A cold, sadness seeps through the whole of PHOENIX, Camilla Strom Henriksen masterpiece about dysfunctinality in a family unit. This sadness is beautifully handled. Capturing the destructive power of depression and psychological breakdown. Magnetically drawing you into the world that is a bleak teenage nightmare, which is often so true. At first you read much of the press and critical coverage with raised eyebrows. I did. PHOENIX is exceptional, brilliant, amazing etc. Its like a flood of positivity and back patting. Slapping yourself on the back and shaking you hands with all involved. This often is how self serving film people get coverage of work and how they have their ego massaged. However this is the rare time where excessive words about film, make for a justified reaction. PHOENIX is exceptional. Amazingly directed. Wonderfully shot and with dynamic performances.
Jill (Ylva Bjorkaas in a stand out and break through role) is the family head. She has been from a young age. Washing, cleaning, cooking and looking after the administrtation of the family space. She works hard and now as her 14th birthday approaches, she has to deal with her unstable mother (Maria Bonnevie) emotional meltdown. Her younger brother Bo (Casper Falck-Lovas) is immune to much of this world. Jill has tried to protect him from the harm that is spilling out in the mothers meltdowns. When her father (Sverrir Gudnason) wants to see her for her birthday, things start to decay further and suddenly everything needs to brake.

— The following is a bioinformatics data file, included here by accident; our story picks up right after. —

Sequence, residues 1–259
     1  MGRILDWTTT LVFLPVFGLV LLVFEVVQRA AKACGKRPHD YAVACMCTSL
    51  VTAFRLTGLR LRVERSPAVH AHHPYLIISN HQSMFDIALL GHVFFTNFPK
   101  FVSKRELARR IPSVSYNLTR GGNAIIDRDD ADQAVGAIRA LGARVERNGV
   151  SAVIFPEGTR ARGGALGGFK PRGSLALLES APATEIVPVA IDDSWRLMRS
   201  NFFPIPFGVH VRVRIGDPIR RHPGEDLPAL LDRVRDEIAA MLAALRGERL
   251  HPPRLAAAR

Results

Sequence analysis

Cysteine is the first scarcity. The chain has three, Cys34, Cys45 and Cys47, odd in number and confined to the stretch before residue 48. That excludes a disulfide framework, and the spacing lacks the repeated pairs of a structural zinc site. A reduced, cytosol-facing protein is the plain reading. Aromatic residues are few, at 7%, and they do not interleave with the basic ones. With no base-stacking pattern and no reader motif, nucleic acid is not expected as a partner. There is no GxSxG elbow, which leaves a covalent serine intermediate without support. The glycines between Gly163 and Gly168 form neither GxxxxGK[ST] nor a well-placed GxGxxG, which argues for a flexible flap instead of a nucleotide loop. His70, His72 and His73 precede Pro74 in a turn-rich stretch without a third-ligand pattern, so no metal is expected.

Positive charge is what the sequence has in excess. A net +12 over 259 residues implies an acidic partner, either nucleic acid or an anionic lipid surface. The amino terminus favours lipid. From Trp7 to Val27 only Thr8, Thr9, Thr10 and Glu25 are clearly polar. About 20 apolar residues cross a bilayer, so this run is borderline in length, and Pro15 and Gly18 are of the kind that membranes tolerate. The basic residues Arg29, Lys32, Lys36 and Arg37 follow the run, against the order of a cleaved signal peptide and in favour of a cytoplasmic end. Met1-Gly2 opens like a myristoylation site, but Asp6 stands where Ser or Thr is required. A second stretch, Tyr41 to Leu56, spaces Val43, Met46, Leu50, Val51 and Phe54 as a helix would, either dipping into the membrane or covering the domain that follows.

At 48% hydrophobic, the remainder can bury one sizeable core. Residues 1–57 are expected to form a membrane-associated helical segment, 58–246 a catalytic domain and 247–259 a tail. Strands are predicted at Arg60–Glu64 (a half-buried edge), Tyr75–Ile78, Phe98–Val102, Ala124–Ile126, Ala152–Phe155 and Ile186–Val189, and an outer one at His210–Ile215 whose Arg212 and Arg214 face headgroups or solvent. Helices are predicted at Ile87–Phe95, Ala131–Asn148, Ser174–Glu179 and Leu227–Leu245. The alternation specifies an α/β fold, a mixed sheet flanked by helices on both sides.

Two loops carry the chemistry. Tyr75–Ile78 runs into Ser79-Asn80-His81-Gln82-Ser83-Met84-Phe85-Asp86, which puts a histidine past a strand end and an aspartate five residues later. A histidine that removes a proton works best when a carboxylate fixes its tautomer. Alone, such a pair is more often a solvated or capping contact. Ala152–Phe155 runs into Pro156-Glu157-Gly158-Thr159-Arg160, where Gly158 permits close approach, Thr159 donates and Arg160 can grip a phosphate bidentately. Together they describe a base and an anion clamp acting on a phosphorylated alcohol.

What can I identify as the reason for PHOENIX brilliance? Well. There is an erudite quality to the film that makes its impact all the more powerful. This is carried across the film by the emotional vulnerable performance of Ylva Bjorkaas. She and director Camilla Strom Henriksen, seem to have developed a natural connection. Pulling away the tiny little fragments of performance over natural interactions. It reminded me of the power of the Kitchen Sink film. They often worked on moments in a life that defined the world they inhabited. The route of humanity is via experience. One scene early on in particular, sees the very natural communication between mother and daughter. However the interaction is poisoned by the mothers mental health. The too and fro is energetic and engaging. It also feels real. So real. So real that you are drawn into the world. Then as she is pulled away and goes on to washing of bed sheets, you cant leave the images. Its dazzling. I say this. It is something to behold.